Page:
As soon as your book goes up on NetGalley, as soon as your publicist starts mailing out ARCs, you begin thinking about reader reviews. Will people love it? Hate it? Ignore it completely? Online author’s groups have multiple posts per day discussing reader reviews…celebrating the good ones, bemoaning the bad or unfair ones. But does any of it actually impact a book’s success? I decided to ask my editor what people on the publishing side think of reader reviews.
Q: Do reader reviews matter to you as an editor? Does the publisher care about them one way or another?
A: Yes, reader reviews matter especially on platforms like Goodreads and Amazon. We’ve found that the more positive reviews that accumulate, the better chance of ‘word of mouth’ and ‘buzz’ spreading to consumers. Book groups tend to pick novels that have many positive reviews and are good for discussion.
Q: If a book gets a TON of reviews, but they’re a mixed bag, is that better than a smaller number of 5-star reviews?
A: It’s always better to have fewer 5 star reviews vs. a ton of mixed reviews.
Q: How much do reader reviews factor into a book’s success?
A: I wouldn’t say reader reviews make or break a book since so many factors contribute to a book’s ‘success’ however publishers love to see a book well received in the market. Again, a key component to becoming a bestseller is word of mouth and an organic recommendation to consumers is imperative.
So, reader reviews are important. Publishers care about them. Editors care about them. Book sellers care a LOT about them. But you know who shouldn’t care about them? Writers. Reviews are not for us. They are just one tiny way readers can communicate what they like — and don’t like — back to the publishing world.
I will admit, I don’t read my reviews. That does not mean I don’t ask (beg!) readers to review, or appreciate every single person who has logged on to Amazon or Goodreads to write one for me. I do! I monitor how my book is doing, how many reviews I’m getting, and my average rating on each site. And when people tag me with particularly lovely reviews, I read those and appreciate them. But I learned early on that reading my reviews — the good ones and the bad ones — did absolutely zero in helping me do my job. Which is to write books.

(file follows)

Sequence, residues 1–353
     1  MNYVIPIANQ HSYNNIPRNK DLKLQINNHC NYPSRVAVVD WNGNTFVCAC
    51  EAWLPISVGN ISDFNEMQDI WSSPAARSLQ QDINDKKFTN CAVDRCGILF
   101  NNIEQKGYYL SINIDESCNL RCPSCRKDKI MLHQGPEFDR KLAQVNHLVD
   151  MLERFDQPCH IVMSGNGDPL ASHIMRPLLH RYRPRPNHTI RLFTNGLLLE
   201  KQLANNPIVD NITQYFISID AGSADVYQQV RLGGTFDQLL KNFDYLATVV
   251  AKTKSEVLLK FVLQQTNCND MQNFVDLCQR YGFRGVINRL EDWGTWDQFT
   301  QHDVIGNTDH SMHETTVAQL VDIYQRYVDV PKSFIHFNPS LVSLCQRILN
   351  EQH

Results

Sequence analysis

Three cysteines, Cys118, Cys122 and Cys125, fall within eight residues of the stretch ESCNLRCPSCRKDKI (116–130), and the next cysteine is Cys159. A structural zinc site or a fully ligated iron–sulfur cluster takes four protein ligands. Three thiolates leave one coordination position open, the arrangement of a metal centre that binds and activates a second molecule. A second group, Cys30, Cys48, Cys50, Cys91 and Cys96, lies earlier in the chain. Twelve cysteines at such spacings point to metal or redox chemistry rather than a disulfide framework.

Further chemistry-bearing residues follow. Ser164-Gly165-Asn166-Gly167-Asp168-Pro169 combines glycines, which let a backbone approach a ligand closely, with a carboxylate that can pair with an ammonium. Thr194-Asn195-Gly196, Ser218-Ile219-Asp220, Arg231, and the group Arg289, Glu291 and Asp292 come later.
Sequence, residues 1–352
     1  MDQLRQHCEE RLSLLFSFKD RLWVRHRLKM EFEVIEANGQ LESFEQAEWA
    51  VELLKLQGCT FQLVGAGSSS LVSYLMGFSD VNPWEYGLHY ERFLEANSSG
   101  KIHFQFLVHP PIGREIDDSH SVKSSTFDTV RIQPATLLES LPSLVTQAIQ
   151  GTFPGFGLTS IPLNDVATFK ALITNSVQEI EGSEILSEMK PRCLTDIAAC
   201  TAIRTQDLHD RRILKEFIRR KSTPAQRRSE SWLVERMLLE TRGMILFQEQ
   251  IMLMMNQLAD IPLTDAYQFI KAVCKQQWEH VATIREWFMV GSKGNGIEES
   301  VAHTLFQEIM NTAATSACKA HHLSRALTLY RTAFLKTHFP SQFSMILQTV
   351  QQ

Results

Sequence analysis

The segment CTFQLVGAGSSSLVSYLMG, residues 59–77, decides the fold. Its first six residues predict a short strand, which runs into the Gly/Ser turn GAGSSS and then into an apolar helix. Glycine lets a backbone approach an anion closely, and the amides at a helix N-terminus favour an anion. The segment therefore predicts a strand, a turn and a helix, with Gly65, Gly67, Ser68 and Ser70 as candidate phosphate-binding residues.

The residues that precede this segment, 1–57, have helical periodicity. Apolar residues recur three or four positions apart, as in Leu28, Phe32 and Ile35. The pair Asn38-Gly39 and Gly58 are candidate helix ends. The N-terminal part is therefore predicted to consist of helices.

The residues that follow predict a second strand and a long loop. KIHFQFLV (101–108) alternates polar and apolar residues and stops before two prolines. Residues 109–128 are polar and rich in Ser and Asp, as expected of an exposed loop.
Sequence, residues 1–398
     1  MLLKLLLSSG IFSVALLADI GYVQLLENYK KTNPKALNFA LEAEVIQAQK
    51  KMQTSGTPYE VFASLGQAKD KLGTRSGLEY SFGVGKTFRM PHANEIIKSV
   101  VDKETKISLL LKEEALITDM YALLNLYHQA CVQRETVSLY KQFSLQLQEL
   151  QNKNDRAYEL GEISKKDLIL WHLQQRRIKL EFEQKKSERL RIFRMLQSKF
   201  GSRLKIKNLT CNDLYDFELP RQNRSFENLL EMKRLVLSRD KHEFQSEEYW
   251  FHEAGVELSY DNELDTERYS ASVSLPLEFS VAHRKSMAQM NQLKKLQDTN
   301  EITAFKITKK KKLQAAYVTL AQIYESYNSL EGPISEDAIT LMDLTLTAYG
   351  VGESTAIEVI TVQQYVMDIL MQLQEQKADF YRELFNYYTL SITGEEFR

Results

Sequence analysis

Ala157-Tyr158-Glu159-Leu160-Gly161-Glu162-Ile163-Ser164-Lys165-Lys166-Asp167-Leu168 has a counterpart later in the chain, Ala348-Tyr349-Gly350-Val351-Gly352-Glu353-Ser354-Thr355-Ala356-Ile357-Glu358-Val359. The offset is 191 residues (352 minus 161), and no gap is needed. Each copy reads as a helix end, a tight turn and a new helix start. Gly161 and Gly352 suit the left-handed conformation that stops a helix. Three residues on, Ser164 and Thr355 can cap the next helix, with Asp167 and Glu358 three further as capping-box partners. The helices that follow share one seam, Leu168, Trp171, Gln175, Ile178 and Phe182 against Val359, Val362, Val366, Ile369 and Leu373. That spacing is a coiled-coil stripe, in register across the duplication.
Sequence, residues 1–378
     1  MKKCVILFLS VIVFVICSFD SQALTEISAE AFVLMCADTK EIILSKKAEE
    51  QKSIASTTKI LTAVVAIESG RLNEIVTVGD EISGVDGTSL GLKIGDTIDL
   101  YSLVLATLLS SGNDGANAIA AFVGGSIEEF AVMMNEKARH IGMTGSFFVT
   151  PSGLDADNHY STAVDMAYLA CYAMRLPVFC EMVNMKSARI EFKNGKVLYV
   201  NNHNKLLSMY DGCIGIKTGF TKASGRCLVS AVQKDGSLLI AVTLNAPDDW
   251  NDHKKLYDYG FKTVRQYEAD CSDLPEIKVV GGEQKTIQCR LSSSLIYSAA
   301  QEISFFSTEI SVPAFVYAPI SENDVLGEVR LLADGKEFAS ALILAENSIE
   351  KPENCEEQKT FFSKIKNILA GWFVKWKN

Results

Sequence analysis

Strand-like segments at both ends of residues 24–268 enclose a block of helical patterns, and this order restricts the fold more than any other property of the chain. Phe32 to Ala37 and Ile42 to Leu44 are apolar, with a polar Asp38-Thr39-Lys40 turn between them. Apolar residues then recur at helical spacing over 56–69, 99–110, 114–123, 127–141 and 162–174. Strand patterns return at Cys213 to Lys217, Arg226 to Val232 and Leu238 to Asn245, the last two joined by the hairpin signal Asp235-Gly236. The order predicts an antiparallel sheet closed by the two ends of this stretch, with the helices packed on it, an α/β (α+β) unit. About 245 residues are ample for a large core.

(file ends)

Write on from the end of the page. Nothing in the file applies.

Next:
I know writers who read every review they get. I know some writers who read every review up until a few weeks post publication, and then step away. Some writers have other people monitor their reviews for them, only pulling out the ones that might be most helpful. There is no wrong way to approach reader reviews. My advice to debut authors though, is to figure out early what will work for you, and then stick with it.
My two cents: glowing reviews will not help me write my next book. If I am leaning on them to gain confidence, it’s a false sense of security. The only way to know whether I can write that next book is to get to work writing it. Obsessing over reviews is akin to the high school girl who can’t stop looking at pictures of her ex boyfriend in last year’s yearbook. I get it. We’ve all been there. We were so great together. We have so many good memories! But it’s time to move on. Promote the book, yes. Meet readers, attend book clubs. But step away from the computer. Log out of Goodreads. Get back to work at the job you’re paid to do. Which is to write books.
(PS. Thank you to everyone who has written me such lovely reviews on both Amazon and Goodreads. My mom loves telling me about them.)
The Ones We Choose is for sale in all stores and online!
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